We leverage AWSCredentialsProvider and AmazonDynamoDBClient to create the corresponding inputs for our mapper class. Afterwards, we’re ready to perform our query.

        //Specify credential details
        AWSCredentialsProvider credentials = new AWSStaticCredentialsProvider(
                new BasicAWSCredentials(System.getenv("ACCESS_KEY"),
                                        System.getenv("SECRET_ACCESS_KEY")));

        //Create client
        AmazonDynamoDB ddbClient = AmazonDynamoDBClientBuilder.standard()
                .withCredentials(credentials)
                .withRegion("us-east-1") //Remember to change your region!
                .build();

        DynamoDBMapper mapper = new DynamoDBMapper(ddbClient);

Before proceeding, make sure you either set your access key and secret access key as environment variables (this is IDE / OS specific) and specifying the region your table is located. Failure to do so will result in more obscure errors that take way too long to debug.

Performing a Query on a GSI with DynamoDB Mapper

Firstly, lets look at the code and then walk through whats going on here.

        CustomerOrder customerOrder = new CustomerOrder();
        customerOrder.setOrderID("5");

        DynamoDBQueryExpression<CustomerOrder> queryExpression =
                new DynamoDBQueryExpression<CustomerOrder>()
                .withHashKeyValues(customerOrder)
                .withLimit(10)
                .withIndexName("OrderID-index")
                .withConsistentRead(false);


        List<CustomerOrder> queryResult = mapper.query(CustomerOrder.class, queryExpression);

        queryResult.forEach(System.out::println);

Performing a basic query against a HashKey is a very straightforward process. We simply instantiate an instance of our model class, in this case CustomerOrder and set the orderID to the corresponding value we are looking for. For example, if I am looking for all records with orderId “5” in this case, I just set the orderId as value 5 on my input object that I pass in to my query expression.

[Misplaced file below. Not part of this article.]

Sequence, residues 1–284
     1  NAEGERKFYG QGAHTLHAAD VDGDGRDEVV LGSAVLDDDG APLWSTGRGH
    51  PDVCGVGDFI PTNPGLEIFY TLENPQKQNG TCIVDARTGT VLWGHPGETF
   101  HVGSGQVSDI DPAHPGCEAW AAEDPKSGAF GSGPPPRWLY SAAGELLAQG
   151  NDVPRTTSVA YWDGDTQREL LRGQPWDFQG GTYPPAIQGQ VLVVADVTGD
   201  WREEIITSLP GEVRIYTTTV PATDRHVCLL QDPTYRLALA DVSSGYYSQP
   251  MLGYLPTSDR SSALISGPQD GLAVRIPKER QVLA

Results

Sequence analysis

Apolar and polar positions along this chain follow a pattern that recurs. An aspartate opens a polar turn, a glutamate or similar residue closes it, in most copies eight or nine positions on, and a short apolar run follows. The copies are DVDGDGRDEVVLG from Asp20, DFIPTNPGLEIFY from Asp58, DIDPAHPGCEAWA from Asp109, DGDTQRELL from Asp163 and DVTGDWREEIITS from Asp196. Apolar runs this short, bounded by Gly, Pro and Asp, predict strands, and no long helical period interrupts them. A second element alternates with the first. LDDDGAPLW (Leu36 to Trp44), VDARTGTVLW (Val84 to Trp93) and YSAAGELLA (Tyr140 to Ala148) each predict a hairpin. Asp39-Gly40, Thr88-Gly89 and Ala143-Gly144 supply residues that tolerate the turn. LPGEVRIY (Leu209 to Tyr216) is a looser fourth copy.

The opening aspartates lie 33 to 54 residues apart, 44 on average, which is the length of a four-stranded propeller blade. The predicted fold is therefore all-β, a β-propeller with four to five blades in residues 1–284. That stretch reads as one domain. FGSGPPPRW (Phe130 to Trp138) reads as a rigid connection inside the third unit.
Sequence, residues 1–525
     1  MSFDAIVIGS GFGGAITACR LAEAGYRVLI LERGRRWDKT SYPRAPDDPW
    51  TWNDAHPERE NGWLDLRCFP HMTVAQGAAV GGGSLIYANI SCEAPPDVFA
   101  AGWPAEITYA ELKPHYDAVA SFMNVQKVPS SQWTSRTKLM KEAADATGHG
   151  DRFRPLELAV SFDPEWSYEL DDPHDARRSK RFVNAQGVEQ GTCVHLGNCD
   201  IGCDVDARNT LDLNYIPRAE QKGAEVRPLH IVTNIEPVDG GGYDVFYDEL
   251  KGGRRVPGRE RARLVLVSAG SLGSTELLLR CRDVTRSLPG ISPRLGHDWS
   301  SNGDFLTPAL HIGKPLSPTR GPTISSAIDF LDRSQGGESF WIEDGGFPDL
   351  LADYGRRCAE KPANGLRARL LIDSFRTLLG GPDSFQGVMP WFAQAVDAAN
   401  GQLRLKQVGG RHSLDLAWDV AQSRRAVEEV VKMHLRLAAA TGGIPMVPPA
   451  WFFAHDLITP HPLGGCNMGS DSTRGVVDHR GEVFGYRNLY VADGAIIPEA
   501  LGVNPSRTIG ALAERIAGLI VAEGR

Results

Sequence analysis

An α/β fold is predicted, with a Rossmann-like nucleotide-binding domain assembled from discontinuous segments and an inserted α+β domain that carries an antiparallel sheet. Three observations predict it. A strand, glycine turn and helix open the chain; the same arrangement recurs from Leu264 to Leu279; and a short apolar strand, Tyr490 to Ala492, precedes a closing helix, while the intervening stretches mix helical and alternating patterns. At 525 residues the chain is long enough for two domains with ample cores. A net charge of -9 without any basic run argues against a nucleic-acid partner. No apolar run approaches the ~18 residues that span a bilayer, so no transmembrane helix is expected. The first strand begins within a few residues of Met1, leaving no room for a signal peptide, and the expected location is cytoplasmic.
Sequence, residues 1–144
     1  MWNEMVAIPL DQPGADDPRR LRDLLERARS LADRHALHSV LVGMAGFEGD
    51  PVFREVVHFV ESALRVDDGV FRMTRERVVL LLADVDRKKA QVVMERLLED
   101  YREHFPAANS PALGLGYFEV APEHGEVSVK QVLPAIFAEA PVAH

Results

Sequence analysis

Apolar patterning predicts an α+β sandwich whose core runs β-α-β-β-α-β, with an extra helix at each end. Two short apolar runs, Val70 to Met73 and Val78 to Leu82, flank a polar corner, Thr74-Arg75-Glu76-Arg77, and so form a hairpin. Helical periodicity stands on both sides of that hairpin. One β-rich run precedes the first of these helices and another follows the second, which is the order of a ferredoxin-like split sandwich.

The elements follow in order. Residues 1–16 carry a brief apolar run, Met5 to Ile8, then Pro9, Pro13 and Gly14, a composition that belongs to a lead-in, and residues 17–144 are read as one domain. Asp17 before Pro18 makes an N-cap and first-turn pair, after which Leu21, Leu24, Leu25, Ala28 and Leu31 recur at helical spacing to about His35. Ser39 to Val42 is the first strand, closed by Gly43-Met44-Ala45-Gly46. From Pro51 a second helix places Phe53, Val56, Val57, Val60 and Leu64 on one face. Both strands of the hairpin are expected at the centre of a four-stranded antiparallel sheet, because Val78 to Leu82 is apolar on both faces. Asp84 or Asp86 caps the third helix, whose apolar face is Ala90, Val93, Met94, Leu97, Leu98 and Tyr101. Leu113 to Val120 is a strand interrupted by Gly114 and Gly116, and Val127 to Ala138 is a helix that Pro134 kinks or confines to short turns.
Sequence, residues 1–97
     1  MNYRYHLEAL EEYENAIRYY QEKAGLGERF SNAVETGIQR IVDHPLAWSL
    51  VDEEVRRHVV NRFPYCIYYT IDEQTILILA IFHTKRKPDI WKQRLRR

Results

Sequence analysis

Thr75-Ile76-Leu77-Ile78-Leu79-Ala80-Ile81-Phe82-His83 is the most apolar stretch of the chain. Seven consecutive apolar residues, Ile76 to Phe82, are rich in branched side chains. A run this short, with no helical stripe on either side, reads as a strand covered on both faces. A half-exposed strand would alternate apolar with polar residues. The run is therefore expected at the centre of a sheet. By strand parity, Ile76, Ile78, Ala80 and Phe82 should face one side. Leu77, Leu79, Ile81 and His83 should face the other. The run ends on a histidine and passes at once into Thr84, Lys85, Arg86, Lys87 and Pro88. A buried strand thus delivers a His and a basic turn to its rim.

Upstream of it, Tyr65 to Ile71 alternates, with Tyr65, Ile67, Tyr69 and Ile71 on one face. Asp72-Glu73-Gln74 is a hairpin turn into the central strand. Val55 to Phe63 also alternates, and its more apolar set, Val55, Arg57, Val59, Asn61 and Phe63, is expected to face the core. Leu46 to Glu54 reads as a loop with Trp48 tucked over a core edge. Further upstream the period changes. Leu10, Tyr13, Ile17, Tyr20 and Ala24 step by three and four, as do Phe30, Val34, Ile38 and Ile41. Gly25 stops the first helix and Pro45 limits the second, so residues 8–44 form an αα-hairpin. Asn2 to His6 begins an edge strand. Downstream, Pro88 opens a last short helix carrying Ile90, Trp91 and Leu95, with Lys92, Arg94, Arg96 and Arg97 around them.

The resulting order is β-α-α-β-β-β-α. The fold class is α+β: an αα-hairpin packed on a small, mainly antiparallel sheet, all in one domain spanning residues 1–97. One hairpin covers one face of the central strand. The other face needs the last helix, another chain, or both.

We then formulate our expression and provide it our search object (CustomerOrder) in the HashKeyValues field. We also need to set our Limit to specify the maximum number of results we want back – in this case 10 is fine.

We also need to provide the Index Name of our GSI in the IndexName field on our query expression. Failure to do this will make DynamoDB think you are querying against the default index, for which we have not provided a search value (CustomerID).

Note that for DynamoDB GSI Queries, consistent read is not supported. In fact, DynamoDB mapper forces you to acknowledge this by throwing an exception if you attempt to perform a query on a GSI with consistent read enabled.

Finally, we use the mapper’s query function to execute our query against DynamoDB. We just need to set the result type to List and provide the class type we expect it to return. Printing out the response produces returns a single record with orderId=5, perfect!

CustomerOrder(customerID=CUSTOMER3, orderID=5, orderAddress=123 Main St, orderTotal=7.11)

And that’s it! You just learned how to perform a GSI query on your DynamoDB Table with DynamoDB Mapper!

I hope you enjoyed this article. Check out my other DynamoDB articles here.